Most clubs have a social aspect too, at Belgrave there were times when it was very active. There was a Social Secretary who’s job it was to utilise the Hall, which is a good space, for social activities and there were various things going on. At some point my wife and a lady named Nina were on the social committee and by default I became the resident barman, which also entailed buying in stock and recycling empty bottles. We’d start the year off with a Burns night, which was always great fun, with one of the Queen’s chefs doing the catering, a piper, a band (The Roods – who were fantastic) and, naturally, haggis, neeps, tatties and whisky, plus wine and beer if you wanted it. In the Summer there was a race night with fish and chip supper, Autumn would bring a cocktail evening and then Winter would see the annual darts tournament, for the Denmark Pot, followed a few weeks later by the annual dinner and dance. In fact Belgrave Hall was such a good venue I used it for my wedding reception, which was a great success.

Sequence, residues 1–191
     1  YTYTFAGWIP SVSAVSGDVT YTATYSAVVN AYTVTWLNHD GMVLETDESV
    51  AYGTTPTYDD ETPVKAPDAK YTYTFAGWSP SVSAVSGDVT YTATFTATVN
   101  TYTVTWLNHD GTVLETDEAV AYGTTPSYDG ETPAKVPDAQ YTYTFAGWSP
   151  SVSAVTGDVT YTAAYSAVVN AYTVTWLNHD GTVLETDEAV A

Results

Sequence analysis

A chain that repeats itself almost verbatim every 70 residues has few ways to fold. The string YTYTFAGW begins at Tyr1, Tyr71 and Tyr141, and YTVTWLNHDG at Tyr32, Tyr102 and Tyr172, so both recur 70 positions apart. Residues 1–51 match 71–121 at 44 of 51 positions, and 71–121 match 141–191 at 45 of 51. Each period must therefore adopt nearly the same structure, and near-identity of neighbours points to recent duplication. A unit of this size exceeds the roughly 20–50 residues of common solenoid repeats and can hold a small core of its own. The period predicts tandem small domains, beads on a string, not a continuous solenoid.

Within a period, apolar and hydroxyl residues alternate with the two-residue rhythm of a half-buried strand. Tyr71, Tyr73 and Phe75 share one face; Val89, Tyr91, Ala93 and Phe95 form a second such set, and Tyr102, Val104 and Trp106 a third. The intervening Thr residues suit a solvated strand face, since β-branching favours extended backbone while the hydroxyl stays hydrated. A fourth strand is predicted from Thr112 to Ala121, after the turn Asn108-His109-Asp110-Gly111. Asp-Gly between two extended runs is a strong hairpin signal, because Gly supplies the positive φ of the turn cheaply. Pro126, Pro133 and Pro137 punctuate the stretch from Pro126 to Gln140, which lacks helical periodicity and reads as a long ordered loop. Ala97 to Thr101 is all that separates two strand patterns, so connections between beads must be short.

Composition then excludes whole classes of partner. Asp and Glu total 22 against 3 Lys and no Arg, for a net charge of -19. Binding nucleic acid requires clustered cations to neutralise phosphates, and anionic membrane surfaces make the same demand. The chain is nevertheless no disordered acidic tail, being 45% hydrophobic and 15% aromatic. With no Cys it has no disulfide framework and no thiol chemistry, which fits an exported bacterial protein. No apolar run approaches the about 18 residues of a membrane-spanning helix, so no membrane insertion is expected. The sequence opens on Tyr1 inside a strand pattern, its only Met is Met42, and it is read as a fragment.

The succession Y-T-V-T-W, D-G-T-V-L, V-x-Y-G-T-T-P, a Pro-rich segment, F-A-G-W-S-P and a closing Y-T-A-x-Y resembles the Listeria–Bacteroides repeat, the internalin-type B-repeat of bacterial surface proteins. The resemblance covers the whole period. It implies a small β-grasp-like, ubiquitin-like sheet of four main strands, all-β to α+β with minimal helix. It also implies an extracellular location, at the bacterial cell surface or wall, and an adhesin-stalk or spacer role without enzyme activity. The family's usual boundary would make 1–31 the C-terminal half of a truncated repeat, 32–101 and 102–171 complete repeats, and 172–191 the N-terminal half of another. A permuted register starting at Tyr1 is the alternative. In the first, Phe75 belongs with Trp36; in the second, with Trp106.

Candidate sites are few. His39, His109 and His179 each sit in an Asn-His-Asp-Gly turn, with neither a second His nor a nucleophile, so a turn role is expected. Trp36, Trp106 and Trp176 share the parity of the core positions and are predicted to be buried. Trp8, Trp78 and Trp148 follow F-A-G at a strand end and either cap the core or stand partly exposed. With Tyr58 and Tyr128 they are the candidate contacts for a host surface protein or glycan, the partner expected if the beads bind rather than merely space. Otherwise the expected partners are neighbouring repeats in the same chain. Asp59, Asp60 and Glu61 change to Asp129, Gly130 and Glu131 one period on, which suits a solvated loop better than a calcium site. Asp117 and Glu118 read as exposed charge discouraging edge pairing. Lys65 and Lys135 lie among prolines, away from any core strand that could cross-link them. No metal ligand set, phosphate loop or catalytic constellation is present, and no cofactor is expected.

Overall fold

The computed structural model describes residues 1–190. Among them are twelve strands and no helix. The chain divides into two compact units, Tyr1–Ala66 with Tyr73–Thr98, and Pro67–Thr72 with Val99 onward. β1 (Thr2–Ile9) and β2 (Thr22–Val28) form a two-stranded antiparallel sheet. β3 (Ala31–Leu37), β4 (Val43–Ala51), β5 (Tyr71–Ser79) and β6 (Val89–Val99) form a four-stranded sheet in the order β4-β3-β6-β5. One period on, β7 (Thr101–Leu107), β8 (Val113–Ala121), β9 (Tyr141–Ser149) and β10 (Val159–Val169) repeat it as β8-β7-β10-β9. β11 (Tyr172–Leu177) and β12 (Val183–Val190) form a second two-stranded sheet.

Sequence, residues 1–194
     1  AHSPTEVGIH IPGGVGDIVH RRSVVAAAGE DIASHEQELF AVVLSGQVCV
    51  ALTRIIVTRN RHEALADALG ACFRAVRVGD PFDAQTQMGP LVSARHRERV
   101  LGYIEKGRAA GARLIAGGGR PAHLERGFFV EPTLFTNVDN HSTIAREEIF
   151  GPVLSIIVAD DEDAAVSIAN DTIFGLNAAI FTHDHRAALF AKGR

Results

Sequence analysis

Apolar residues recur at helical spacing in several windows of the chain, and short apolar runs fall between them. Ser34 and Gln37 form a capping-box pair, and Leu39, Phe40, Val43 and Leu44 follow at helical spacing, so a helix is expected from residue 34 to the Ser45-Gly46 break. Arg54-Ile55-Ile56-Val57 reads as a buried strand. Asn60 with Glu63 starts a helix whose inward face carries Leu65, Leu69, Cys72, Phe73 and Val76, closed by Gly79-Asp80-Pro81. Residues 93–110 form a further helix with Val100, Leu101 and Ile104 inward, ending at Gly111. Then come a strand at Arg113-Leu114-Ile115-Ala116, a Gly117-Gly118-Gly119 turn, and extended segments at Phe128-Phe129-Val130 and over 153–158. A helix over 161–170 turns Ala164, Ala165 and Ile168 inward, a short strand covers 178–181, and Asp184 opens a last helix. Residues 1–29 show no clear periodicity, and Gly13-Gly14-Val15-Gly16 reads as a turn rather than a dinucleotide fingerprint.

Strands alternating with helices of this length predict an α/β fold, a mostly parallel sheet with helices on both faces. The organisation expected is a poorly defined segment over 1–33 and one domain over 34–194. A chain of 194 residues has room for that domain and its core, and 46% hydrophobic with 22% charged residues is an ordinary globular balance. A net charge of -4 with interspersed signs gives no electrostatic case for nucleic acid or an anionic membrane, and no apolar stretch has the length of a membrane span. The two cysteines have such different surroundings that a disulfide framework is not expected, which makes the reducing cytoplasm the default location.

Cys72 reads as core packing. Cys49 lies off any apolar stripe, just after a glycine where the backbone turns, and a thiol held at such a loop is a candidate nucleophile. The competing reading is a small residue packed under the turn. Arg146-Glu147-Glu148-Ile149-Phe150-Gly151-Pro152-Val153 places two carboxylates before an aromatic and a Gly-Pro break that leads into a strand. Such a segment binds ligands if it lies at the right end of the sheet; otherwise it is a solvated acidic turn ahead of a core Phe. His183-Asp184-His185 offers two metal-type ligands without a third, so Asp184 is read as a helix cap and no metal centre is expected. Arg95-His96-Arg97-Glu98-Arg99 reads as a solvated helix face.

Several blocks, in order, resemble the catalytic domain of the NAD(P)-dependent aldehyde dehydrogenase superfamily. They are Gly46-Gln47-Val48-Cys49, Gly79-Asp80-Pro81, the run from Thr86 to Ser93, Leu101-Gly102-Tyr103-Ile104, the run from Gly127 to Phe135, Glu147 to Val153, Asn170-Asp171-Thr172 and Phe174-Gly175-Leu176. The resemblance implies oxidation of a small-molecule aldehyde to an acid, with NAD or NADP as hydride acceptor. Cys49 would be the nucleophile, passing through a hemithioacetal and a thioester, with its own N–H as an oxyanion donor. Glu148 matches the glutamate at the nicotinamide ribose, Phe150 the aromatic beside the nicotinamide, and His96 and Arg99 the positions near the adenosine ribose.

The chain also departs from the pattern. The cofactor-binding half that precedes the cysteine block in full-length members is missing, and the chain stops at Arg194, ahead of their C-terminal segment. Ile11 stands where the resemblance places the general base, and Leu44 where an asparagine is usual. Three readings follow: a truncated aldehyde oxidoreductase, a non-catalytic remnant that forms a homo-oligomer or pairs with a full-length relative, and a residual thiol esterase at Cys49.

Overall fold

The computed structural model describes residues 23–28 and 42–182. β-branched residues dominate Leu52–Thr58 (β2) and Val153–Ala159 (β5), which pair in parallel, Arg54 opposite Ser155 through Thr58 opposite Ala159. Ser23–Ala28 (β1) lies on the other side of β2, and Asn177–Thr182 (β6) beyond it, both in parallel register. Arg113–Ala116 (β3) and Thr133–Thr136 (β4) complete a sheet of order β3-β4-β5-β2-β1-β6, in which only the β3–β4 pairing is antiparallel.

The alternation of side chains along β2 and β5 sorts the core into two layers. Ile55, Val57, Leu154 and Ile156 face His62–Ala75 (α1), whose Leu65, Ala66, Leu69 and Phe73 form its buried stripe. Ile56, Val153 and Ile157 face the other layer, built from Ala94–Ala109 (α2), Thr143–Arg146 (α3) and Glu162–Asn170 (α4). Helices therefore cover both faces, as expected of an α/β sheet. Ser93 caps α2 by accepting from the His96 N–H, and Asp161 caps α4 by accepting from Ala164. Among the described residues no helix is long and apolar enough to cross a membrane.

The main thing I got out of being in a club was the fact that I wasn’t just running as an individual, I was part of a team too and it was always nice to make a difference to that team. It’s a great feeling to win, but it can be a lonesome celebration as an individual, celebrating a team win with your team mates and supporters is much more fun. Being part of Belgrave enabled me to win medals that I couldn’t have achieved as an individual, and the same can be said for my time in Edinburgh AC and now with Herne Hill.
I was very fortunate to be at Belgrave when I was, it was a transitioning period from being a good club that had potential, to becoming the top club in the